Shakespeare and Company (bookshop)

Shakespeare and Company is an independent bookstore located in the 5th arrondissement, in Paris's Left Bank. Shakespeare and Company serves as both a bookstore and a lending library, specializing in English-language literature. The upstairs also serves as a makeshift dormitory for travelers, known as "tumbleweeds," who earn their keep by working in the shop for a couple of hours each day. The current store is not to be confused with Sylvia Beach's original Shakespeare & Co., which was a meeting place for such luminaries as Joyce, Hemingway, Antheil, et al (The current store appropriated Beach's name upon the lady's death in 1962--not of her own volition). One suspects that the new store does, however, retain much of the same feel as Beach's original.

ylvia Beach years

The original bookstore's most famous proprietor was Sylvia Beach. It was located at 12 rue de l'Odéon and was open from 1919 to 1941 (the store of the same name is currently located at 37 rue de la Bûcherie). During this era, the store was considered to be a center of Anglo/American literary culture in Paris. The shop was often visited by artists of the "Lost Generation," such as Ernest Hemingway, Ezra Pound, F. Scott Fitzgerald, Gertrude Stein, George Antheil, Man Ray and James Joyce. The contents of the store were considered high quality and reflected Beach's own literary taste. Shakespeare and Company, as well as its literary denizens, was repeatedly mentioned in Hemingway's "A Moveable Feast". Patrons could buy or borrow books like D. H. Lawrence's controversial "Lady Chatterley's Lover", which had been banned in England and the United States.

"Ulysses"

It was Beach who first published Joyce's book "Ulysses" in 1922. The book was subsequently banned in the United States and United Kingdom. The original Shakespeare and Company published several other editions of "Ulysses" under its imprint in later years.

Closure

The original Shakespeare and Company was closed in December 1941, due to the occupation of France by the Axis powers during World War II. Allegedly, the store was ordered shut because Beach denied a German officer the last copy of Joyce's "Finnegans Wake". The store at rue de l'Odéon never re-opened.

George Whitman Years

In 1951, another English-language bookstore was opened in Paris's Left Bank by American George Whitman, under the name of Le Mistral. Much like its predecessor (which was at a different location), the store served as a focal point for literary culture in Bohemian, Left Bank Paris. Upon Sylvia Beach's death, the store's name was changed to Shakespeare and Company. In the 1950s, the shop served as a base for many of the writers of the Beat Generation, such as Allen Ginsberg, Gregory Corso, and William Burroughs. Whitman's daughter, Sylvia, now runs the shop (see below). This store continues to operate at 37 rue de la Bûcherie, near Place St. Michel and steps from the Seine River.Regular activities that happen in the bookshop are Sunday Tea, Poetry readings and Writers meetings (informal & formal) [ http://www.vancouver.sfu.ca/~hayward/paris/shakespeare-observor.html]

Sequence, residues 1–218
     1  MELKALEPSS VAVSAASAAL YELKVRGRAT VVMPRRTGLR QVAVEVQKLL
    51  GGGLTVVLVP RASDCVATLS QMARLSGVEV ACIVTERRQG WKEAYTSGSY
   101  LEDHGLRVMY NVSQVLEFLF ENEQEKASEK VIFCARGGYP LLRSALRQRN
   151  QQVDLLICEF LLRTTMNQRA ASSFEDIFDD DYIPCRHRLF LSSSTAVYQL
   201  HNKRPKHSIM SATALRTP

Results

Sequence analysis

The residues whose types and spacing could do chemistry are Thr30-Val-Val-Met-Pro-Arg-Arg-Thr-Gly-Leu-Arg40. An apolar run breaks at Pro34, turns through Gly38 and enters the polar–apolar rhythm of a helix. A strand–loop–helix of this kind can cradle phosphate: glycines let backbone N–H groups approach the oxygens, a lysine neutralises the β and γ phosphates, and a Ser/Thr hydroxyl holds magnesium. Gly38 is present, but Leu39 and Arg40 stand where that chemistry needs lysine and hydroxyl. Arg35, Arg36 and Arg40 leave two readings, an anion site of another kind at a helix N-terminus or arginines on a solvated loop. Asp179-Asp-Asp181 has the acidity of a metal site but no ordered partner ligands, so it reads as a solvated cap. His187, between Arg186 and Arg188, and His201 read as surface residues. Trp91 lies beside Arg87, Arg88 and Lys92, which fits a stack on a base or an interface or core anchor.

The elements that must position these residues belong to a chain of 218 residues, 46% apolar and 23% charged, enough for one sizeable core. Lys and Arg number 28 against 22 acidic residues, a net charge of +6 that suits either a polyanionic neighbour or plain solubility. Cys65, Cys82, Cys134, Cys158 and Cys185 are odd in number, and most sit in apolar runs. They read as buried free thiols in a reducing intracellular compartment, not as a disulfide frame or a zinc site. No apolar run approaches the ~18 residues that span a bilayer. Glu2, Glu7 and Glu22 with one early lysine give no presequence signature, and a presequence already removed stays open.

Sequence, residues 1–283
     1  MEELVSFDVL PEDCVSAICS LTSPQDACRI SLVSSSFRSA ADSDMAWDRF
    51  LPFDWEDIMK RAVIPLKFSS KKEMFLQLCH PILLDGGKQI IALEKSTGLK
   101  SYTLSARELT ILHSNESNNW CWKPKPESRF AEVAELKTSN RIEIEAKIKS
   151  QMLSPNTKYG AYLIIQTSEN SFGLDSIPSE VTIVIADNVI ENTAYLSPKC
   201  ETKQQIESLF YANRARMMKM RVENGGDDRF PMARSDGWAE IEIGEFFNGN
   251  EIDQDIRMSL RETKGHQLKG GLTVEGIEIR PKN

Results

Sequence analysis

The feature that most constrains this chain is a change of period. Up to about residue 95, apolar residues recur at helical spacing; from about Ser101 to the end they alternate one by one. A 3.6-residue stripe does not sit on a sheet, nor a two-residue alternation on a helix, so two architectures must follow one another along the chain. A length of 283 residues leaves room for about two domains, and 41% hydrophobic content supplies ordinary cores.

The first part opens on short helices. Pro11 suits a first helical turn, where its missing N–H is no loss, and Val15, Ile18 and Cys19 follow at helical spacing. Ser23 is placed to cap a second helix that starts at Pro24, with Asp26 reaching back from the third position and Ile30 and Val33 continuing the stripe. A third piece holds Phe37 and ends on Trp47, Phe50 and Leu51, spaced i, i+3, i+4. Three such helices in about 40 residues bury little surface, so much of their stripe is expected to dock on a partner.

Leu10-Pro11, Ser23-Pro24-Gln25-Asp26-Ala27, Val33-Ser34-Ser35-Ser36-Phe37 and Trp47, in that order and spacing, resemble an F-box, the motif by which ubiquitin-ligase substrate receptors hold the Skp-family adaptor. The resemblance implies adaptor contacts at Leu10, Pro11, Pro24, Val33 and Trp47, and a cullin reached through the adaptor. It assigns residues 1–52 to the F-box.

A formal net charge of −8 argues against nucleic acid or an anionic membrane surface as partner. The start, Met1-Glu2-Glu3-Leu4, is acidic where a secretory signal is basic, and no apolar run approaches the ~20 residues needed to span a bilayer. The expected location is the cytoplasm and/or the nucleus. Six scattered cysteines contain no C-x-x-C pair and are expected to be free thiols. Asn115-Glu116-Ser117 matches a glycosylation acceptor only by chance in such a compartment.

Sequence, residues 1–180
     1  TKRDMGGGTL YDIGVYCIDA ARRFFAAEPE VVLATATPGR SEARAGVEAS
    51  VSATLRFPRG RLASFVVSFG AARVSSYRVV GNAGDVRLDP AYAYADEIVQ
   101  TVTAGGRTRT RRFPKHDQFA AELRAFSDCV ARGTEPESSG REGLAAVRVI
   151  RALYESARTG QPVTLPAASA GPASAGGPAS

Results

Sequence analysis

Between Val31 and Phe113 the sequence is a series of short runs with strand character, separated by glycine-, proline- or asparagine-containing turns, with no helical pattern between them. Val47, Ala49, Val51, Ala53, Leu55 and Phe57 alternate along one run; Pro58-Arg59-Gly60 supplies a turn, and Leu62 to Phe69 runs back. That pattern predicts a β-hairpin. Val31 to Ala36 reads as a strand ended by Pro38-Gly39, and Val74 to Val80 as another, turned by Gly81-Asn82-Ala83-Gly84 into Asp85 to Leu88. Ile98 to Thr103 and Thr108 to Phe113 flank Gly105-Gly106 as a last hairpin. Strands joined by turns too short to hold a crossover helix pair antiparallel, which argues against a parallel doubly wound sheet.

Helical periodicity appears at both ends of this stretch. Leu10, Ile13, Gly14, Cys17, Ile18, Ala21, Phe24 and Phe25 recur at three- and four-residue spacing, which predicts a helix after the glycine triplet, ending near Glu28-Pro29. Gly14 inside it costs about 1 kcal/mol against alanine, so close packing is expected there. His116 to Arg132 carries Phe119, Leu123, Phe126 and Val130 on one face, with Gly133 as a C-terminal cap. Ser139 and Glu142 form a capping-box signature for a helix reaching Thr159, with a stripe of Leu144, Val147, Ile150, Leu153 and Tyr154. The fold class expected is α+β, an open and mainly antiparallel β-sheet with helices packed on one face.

ylvia Beach Whitman years

Whilst George hasn't passed away, day to day runnings have passed to his daughter, named after the first owner of Shakespeare and Company. [http://www.theparistimes.com/content/Inheriting+Tradition]

Popular-culture allusions

*Shakespeare and Company is featured in the third season of "" as a bookstore in Paris operated by Watcher Don Salzer. In the fourth season, the Immortal Methos uses a hidden room in the bookstore's cellar as storage space for his ancient journals.Facts|date=June 2008
*Shakespeare and Company is featured in the opening scene of the movie "Before Sunset", where the protagonist Jesse Wallace is interviewed about his book.Facts|date=June 2008
*"Portrait of a Bookstore as an Old Man" is a one-hour documentary about the bookstore directed by Gonzague Pichelin and Benjamin Sutherland.imdb title|title=Portrait of a Bookstore as an Old Man|id=0476588.]
*Jeremy Mercer's experiences at Shakespeare and Company are the subject of his memoir "Time Was Soft There" (US 2005, St. Martin's Press)/"Books, Baguettes & Bedbugs" (UK).
*Shakespeare and Company is seen in the movie "When Harry met Sally" (1989), but it is actually the bookshop located at 939 Lexington Ave. (69th Street), in New York City, not the bookshop in Paris.Facts|date=June 2008

Notes

References

*Affleck, John. [http://www.literarytraveler.com/hemingway/shakespeare.htm "Hemingway at Shakespeare & Company"] . "Literary Traveler". Accessed June 13, 2008.
*Sharkey, Alix. [http://www.harbour.sfu.ca/~hayward/paris/shakespeare-observor.html "The Beats Go On"] . "The Observer", March 3, 2002. Accessed June 13, 2008.

External links

* [http://shakespeareco.org/ Shakespeare and Company Official Site]
* [http://www.readliterature.com/shksprbookstore.htm "Shakespeare and Company"]


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